Draft (October 2007)

Tolerating bad decision processes

Part 1 of "The Palo Alto Process: A culture of bad decision-making"

By Douglas Moran

The "Palo Alto Process" is widely and justly vilified, most notably for unnecessarily stretching out the time to make decisions and for repeated reconsideration of decisions—too often beginning immediately. However awareness of this problem causes decision-makers to allow themselves to be stampeding into ill-considered decisions. There is a dismissiveness toward facts that astounds people new to the process. And "civility" is use as an excuse for not taking action against bullies, liars and other abusers of the system.

The underlying problem is that City's leadership - a long line of City Councils and City Managers - has not just put little value on the decision-making processes, but has routinely rewarded abuse of those processes. Just as with manufactured products, the quality of decisions in large organizations is largely determined by its processes.

Periodically, one or two Council members will attempt to improve the City's processes - Mayor Kishimoto led one such attempt shortly after she joined the Council (2002) - but successes have been short-lived because a critical mass of the Council has not supported those efforts.

In a proper decision process, there is an early phase involving fact-gathering, evaluating alternatives and establishing the cost-benefits. This is then organized and presented to the decision-makers. In the Palo Alto Process, this model is routinely violated by all parties.

For example, in 1998, the owners of historic properties complained that the advocates for the Historic Preservation Ordinance were refusing to take their concerns and perspective into account. Not only had they not been invited to the (early) meetings, they had been blocked from participating when they found out about them and showed up. Any competent leader would have realized that the credibility of the process had been severely damaged, and that dramatic action was required to reestablish it. Instead, Council chose to do nothing, and the predictable extended, highly contentious battle ensued.

And the lesson has gone unlearned. At a public meeting to get public input on changes to the Downtown Library in 2005, then-Library Director Paula Simpson brazenly announced that it was a mere formality: She had already made her decision and nothing said at the meeting would change it in the slightest. When members of the audience protested, they were berated by a Library Commissioner. Council's response to a pattern of such conduct by that Commissioner? They re-appointed him. (The City Manager makes the decision on staff such as the Library Director).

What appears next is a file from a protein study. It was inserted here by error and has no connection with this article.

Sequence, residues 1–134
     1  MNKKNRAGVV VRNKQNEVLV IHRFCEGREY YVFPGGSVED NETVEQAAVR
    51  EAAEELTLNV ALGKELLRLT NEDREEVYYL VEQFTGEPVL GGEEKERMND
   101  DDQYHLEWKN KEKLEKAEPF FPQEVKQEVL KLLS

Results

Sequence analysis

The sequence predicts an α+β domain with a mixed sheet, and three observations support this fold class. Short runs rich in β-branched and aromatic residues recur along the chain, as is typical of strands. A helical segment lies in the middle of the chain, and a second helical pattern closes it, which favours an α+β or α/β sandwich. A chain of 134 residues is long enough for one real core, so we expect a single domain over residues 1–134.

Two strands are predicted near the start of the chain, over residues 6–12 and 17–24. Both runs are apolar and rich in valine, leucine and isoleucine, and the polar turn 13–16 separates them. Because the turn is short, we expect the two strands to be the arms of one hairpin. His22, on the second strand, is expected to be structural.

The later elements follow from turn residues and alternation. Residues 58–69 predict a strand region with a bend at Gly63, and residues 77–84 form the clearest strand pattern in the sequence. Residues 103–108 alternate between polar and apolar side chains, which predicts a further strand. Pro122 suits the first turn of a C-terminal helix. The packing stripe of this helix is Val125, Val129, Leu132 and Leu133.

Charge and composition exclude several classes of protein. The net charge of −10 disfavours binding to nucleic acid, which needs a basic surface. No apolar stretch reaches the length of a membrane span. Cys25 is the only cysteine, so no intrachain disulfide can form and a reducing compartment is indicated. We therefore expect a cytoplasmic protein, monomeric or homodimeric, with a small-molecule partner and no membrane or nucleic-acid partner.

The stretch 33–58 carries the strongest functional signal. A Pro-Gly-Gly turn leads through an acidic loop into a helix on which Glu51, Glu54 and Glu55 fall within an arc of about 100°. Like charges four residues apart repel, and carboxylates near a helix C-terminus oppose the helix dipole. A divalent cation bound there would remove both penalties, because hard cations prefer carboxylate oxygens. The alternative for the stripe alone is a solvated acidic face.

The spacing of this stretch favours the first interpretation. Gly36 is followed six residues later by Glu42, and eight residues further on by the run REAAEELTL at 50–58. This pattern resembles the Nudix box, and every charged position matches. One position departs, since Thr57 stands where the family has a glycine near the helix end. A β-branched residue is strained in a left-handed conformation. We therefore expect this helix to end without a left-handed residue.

Even when the preliminary process works well, it can be for naught. Shortly after Planning Director Steve Emslie was hired, he recognized that the repeated postponements of a study of the Charleston-Arastradero corridor had become a crisis, and proposed a 6-month moratorium on approving new developments to allow completion of that study. The recommendation followed extensive participation by residents, developers and other involved parties. Near the end of public comment to the Council, two individuals asked that Alma Plaza being included, and Council added it without asking even the most basic of questions. Its inclusion had been considered and rejected by a broad consensus of those involved - by City staff based upon their professional expertise (it is a 1/3-mile distant from the corridor) reinforced by the personal experience, and resulting intuitions, of residents. Neither did Council consider the impact on plans to redevelop Alma Plaza (it killed a plan that had been years in the making). The Council member who made the motion subsequently rewrote history, claiming that it was "the residents" who were responsible for this, using it as a justification for his being dismissive of residents' concerns and inputs on the next proposal for Alma Plaza.

Although it is natural, and expected, for politicians to try to please everyone, this should be tempered by the understanding that what you are giving to one person is often being taken from others, sometimes explicitly, sometimes subtly. And it is unsurprising for politicians to excuse their pandering by claiming that that particular exception is so small that it couldn't possible do any real harm.

When I first became involved in the Palo Alto Process, I assumed I was hearing such excuses, but over time, I have become convinced that a disturbing portion of our decision-makers and other influential people truly believe that Palo Alto's money and resources are effectively limitless, and thus concerns about cumulative impacts can be ignored - they are irrelevant.

Bad decision processes are a major reason that Council has been far less than the sum of its individual parts.

Palo Alto needs a core group of Council members who understand "in their guts" the importance of good decision process, and are willing to expend political capital to put them in place. They are going to face stiff resistance because there are powerful insiders who have learned how to exploit the current situation to their advantage.

My experience is that people who have only an intellectual understanding of this are very unlikely to make the investment needed to even start cleaning up the current mess. Look for someone who has been badly burned by bad processes, and whose examples show that it is part of their psyche.